With Nearly 2000 TSA Employees Testing Positive For Covid, They Keep Patting Down Passengers Every Day

While flights don’t seem to be significant causes of virus spread the same may not be true of other parts of the travel experience. 1812 TSA employees have tested positive for Covid-19. 92% of those are airport screeners. Miami has had 122 screeners test positive. New York JFK has had 112. And these numbers don’t include the most recent testing.

According to a former TSA federal security director it’s insane that the TSA continues with pat downs which he says are unnecessary.

Unfortunately, one glaringly unpleasant – and potentially unsafe — aspect of US air travel remains unchanged: the U.S. Transportation Security Administration’s (TSA) use of physical pat downs at security checkpoints.

…why on earth isn’t TSA doing everything it can to significantly reduce – if not eliminate – the use of physical pat downs?

Covid-positive TSA employees have searched and given pat downs to passengers, who then traveled around the country. TSA wants to require passengers to use biometrics and claims it’ll prevent document checkers from having to handle passenger IDs but that does nothing to protect passengers from touching the same screen as every other passenger and doesn’t eliminate pat downs which are prolonged direct contact between passenger and screener. (The Republican DHS reauthorization bill would require biometrics to use PreCheck by the end of 2023.)

For years the TSA believed there were no active threats against U.S. aviation and only disclosed that fact to a court accidentally. And even with pat downs TSA still misses most contraband passengers might bring through checkpoints.

The security director-turned-consultant who now pitches things for a living naturally wants to use Covid as an excuse to get TSA to buy even more technology as a replacement for pat downs. This is an agency, though, that publicizes that they are sanitizing bins once a month.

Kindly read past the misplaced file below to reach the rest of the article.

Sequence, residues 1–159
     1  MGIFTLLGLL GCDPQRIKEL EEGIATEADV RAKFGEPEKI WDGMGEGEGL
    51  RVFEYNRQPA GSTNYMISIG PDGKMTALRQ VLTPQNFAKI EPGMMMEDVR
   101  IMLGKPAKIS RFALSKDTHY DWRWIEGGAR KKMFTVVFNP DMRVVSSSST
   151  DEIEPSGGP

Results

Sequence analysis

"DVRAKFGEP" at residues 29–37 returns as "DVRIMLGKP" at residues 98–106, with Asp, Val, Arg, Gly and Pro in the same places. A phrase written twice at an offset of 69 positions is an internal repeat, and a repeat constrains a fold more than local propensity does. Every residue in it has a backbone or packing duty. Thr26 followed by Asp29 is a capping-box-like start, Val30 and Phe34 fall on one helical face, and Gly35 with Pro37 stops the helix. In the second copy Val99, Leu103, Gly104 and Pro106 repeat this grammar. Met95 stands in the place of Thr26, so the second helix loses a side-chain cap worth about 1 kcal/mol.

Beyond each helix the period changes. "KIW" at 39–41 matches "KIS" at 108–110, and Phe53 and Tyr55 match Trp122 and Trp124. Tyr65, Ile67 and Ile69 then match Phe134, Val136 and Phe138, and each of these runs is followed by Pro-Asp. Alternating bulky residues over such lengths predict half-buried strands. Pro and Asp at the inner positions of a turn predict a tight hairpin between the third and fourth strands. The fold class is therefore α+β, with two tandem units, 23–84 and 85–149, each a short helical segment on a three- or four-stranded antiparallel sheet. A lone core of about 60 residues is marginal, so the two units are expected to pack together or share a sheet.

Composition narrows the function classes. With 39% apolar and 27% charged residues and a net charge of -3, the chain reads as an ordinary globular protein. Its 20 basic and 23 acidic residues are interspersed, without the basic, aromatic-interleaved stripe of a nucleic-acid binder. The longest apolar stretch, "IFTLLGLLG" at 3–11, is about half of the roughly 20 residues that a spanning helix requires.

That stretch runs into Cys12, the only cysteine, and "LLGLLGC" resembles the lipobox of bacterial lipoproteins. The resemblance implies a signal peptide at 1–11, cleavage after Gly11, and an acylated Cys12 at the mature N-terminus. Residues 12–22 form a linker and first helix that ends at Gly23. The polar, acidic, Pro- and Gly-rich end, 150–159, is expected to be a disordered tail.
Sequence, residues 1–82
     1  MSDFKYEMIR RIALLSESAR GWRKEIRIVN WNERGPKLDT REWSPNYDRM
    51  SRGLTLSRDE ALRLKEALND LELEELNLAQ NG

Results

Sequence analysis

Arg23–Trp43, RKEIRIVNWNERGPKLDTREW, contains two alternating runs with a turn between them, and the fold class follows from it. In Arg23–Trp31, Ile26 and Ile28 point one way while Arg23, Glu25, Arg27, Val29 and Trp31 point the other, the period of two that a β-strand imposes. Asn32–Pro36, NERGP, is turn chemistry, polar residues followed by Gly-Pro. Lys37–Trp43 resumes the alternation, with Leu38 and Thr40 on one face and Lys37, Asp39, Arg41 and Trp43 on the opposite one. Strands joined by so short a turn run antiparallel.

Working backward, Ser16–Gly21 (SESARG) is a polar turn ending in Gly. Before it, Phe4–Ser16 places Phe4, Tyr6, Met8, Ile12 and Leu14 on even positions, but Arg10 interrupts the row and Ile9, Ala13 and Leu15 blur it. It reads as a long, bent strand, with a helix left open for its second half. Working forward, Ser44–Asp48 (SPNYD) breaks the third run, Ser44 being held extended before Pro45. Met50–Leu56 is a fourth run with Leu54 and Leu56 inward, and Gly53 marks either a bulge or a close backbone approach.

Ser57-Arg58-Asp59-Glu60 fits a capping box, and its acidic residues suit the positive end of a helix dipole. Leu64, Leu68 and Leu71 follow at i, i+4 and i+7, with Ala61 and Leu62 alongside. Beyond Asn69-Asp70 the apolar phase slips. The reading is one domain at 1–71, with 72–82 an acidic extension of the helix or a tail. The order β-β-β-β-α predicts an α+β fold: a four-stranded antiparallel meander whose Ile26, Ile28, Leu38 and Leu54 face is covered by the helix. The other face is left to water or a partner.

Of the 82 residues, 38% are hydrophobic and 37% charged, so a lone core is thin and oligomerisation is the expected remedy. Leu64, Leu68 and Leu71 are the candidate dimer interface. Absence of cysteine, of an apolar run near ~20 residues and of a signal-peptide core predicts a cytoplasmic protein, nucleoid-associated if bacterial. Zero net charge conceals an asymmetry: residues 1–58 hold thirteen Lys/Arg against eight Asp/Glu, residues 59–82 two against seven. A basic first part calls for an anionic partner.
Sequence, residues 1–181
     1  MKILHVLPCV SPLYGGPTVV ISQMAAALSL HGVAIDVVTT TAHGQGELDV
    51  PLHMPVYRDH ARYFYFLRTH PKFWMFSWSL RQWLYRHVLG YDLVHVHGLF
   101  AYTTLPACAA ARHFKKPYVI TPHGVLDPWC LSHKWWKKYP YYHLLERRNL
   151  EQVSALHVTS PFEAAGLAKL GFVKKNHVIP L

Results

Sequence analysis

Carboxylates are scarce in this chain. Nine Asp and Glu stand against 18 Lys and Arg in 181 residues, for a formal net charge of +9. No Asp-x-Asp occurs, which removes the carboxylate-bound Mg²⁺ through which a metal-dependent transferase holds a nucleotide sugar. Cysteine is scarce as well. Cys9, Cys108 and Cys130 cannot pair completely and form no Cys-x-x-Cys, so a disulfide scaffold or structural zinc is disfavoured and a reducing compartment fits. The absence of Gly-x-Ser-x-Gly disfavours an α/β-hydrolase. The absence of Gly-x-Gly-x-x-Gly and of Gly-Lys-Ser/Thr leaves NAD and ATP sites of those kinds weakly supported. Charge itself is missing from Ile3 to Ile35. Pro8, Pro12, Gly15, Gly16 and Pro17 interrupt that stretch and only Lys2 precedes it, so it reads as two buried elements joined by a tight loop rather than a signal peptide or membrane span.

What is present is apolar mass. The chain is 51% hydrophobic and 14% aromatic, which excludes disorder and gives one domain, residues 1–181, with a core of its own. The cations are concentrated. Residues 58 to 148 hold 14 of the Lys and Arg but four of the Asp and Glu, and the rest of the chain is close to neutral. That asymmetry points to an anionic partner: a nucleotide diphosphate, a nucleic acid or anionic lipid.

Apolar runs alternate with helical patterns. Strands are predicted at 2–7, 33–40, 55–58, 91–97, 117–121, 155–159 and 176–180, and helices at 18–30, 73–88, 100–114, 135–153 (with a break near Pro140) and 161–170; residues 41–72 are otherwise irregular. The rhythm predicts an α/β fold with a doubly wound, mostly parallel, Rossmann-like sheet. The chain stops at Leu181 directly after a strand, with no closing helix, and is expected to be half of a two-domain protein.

It seems that as a first measure TSA should re-evaluate the criteria for who needs a pat down, and how frequently pat downs are used. They aren’t doing anything to protect air travel, so should at a minimum be limited.

About Gary Leff

Gary Leff is one of the foremost experts in the field of miles, points, and frequent business travel - a topic he has covered since 2002. Co-founder of frequent flyer community InsideFlyer.com, emcee of the Freddie Awards, and named one of the "World's Top Travel Experts" by Conde' Nast Traveler (2010-Present) Gary has been a guest on most major news media, profiled in several top print publications, and published broadly on the topic of consumer loyalty. More About Gary »

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Comments

  1. Do you now understand why no one should be travelling? And why the US is still in the top 3 of deaths in the world?

    And before anyone asks, yes, I’ve flown once since March. Whilst I took precautions, I was wracked with guilt the entire way, but the week in the Italian alps did my mental health a world of good. But this will be the last time I fly until this is over.

  2. You have a 99.9% chance of dying from COVID. No reason to shut the airports/airlines down. So bad is the information on COVID, that the CDC no longer believe it is airborne spread! So the masks are useless and probably make it worse by you constantly touching your face mask. Stop this madness.

  3. @Steve says: “You have a 99.9% chance of dying from COVID.”

    Wow! Lock everything down now. Extinction level event.

  4. So the TSA has something like 50,000 Transportation Security Officers.

    If 1667 of them (92% of 1812) have contracted COVID, that’s 3.3% of the TSOs. In a time period of more than 6 months.

    Hardly the apocalyptic “stop all contact” with the TSA data that Gary wants it to be…

    Wear a mask. Wash your hands. Don’t go to indoor bars or restaurants.

  5. The TSA is the sole reason coronavirus has spread in the US. In late March the data showed the strongest infection rates were minorities in and around international airports. So the TSA employees get it, bring it back to their minority communities, which then ravages the elderly in the population. To see this distribution you had to look by ZIP CODE and not by COUNTY to see the true infection spreading among the elderly related to TSA employees.

    Good luck finding that data now since it’s been completely wiped since no historical data at ARCGIS is recorded.

  6. The TSA/Security checkpoint “killing field” is one reason why I do not fly these days. Any point where you funnel the herd elevates COVID-19 risk. Groceries now put checkers behind plastic barriers and that is how it should go with the TSA. I do not want a pat down or manual baggage inspection (where you stand next to the inspector) these days. As more young folks die from COVID-19, one might expect that the smugness and disregard for masks and social distancing should go down.

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